Do I really have aphantasia?

I’m really confused. Maybe a little bit scared even? I’m not even sure. I just want to share my story. I have this obsessive need to talk about this. It’s blowing my mind. Last night I found out that aphantasia is a thing. I am 29. I was watching some interesting video about people who do not have an inner monologue. This baffled me. How could someone think without talking to themselves in their head? Then the guy said (implying that this was even more unusual) that some people can’t even visualize images in their mind. Hold up. People actually SEE imagery in their minds? Nah, it’s just an exaggeration or something, right? Well, many hours and a sleepless night later, after reading and watching countless things online, I finally accepted that these people exist and how I think may not be the norm. And to my astonishment, the “image”

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Can you meditate?

Meditation has been recommended to me by a variety of health professionals. I’ve read about it and honestly given it my best effort, but I don’t “get” it; I don’t enjoy it, it doesn’t relax me, and I don’t seem to have the benefits all the various studies say should come with regular meditation. If you have aphantasia, what is your experience with meditation? Do you have a particular source that worked for you more than others?

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How do you perform on mental rotation tasks?

Mental Rotation (MR) is a technique leading researchers studying aphantasia have used to better understand how the visual processing systems differ in the brain of an aphantasic. For many years, it was believed that you needed mental imagery in order to complete such tasks. According to Zeman’s 2010 study, patient MX (who developed aphantasia after undergoing surgery) was still able to perform perfectly on mental rotation tasks despite his inability to create mental images of the objects in his mind’s eye. It was also discovered that some people with aphantasia actually perform better on MR tasks than others. The findings have puzzled many scientists. How do you perform on MR tasks? What alternative strategies do you use to solve them? Complete some MR tasks here. Remember to share your answers, time to complete and any new insights here!

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What alternative learning strategies do you use?

There’s so much we have yet to discover about what it means to "learn with aphantasia." Fascinated by this post from 2016, which makes the case for why leaners with aphantasia are likely to experience difficulties with learning; “as mental imagery seems to be especially important for reading comprehension and learning word meanings, and according to at least one theory, is a cornerstone for literacy.” To contrast, this post from 2019 states that while a learner’s ability to create images in their mind is linked to various improvements in learning, the absence of this ability may lead to alternative strategies that enhance rather than hinder learning. What’s been your experience with learning something new? What alternative strategies have you tried when acquiring a new skill such as reading or writing? What’s worked? What hasn’t worked? Why?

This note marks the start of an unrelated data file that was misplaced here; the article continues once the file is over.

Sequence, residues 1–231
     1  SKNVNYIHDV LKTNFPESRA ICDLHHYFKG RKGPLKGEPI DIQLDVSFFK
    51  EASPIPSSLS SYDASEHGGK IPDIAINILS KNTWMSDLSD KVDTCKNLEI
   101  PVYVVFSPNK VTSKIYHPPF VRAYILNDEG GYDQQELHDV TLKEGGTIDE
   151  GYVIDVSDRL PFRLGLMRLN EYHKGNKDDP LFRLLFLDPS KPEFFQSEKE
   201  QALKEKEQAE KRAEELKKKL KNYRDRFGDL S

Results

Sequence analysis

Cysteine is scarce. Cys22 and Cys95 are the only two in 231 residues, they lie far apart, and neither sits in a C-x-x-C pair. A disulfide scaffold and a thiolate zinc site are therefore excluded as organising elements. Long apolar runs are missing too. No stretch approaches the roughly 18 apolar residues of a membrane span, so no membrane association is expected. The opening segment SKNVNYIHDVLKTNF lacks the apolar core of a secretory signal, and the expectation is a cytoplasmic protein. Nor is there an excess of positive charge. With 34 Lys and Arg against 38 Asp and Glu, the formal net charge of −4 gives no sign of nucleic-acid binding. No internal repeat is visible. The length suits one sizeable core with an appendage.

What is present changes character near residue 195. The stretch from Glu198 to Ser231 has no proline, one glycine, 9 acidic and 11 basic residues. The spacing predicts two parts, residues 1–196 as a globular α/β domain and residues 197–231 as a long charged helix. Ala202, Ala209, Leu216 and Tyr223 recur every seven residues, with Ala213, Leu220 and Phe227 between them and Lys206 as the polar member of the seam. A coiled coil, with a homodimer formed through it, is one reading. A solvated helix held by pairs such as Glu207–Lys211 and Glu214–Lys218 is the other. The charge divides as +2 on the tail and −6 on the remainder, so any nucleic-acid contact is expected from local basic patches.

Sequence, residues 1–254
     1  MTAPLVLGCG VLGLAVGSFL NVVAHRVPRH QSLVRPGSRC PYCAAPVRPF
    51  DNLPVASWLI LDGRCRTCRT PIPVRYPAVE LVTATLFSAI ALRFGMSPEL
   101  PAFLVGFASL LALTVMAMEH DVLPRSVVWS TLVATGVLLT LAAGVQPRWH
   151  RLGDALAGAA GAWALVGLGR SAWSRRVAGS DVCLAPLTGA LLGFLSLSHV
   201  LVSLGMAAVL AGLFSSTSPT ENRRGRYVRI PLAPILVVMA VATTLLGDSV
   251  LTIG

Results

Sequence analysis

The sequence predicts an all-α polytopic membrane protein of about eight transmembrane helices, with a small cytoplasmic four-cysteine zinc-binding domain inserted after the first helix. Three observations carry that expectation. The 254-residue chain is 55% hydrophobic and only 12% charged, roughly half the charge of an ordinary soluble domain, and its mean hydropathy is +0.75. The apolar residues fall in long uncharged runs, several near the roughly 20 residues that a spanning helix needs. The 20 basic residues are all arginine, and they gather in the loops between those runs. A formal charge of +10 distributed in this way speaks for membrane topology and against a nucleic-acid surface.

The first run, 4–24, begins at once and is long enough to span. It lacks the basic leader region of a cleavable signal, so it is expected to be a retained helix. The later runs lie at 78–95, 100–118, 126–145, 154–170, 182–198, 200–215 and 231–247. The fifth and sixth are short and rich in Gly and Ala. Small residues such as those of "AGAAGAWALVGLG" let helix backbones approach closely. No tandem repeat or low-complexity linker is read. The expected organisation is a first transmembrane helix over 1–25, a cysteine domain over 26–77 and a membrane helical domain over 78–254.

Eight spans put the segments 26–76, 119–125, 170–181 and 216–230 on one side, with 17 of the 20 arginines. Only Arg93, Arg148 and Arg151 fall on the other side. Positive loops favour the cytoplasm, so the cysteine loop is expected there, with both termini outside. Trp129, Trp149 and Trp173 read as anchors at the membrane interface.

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Participate in Aphantasia & Psychological Traits Study

Researchers from the University of Bonn Institute of Psychology, B. Sc. Kristof Keidel & B. Sc. Merlin Monzel, are investigating the process of visual imagery and its relations to different psychological traits as well as psychiatric states and phenomena. Study takes 45 minutes to complete. Participation is completely voluntary. You can cancel participation at any time. Chance to win $20 Amazon voucher. People interested in participating in the research can do so here If you have any questions contact: Merlin Monzel at [email protected]

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Participate in World-First Brain Imaging Aphantasia Study

To determine why some people cannot create visual images of people, places and things in their mind’s eye, UNSW scientists are planning to conduct a world-first brain imaging study of people with this baffling condition, known as congenital aphantasia. A team led by UNSW Associate Professor Joel Pearson has launched a crowd-funding campaign to raise money to carry out functional magnetic resonance imaging (fMRI) studies to try and understand the neurological basis of mental imagery. The proposed fMRI study will try to uncover any structural and functional differences in the brains of people with aphantasia. People who think they have aphantasia and are interested in participating in the research can contact the laboratory at [email protected] The project is being crowd-funded on the everyday hero platform for those interested in contributing to the research. More info here

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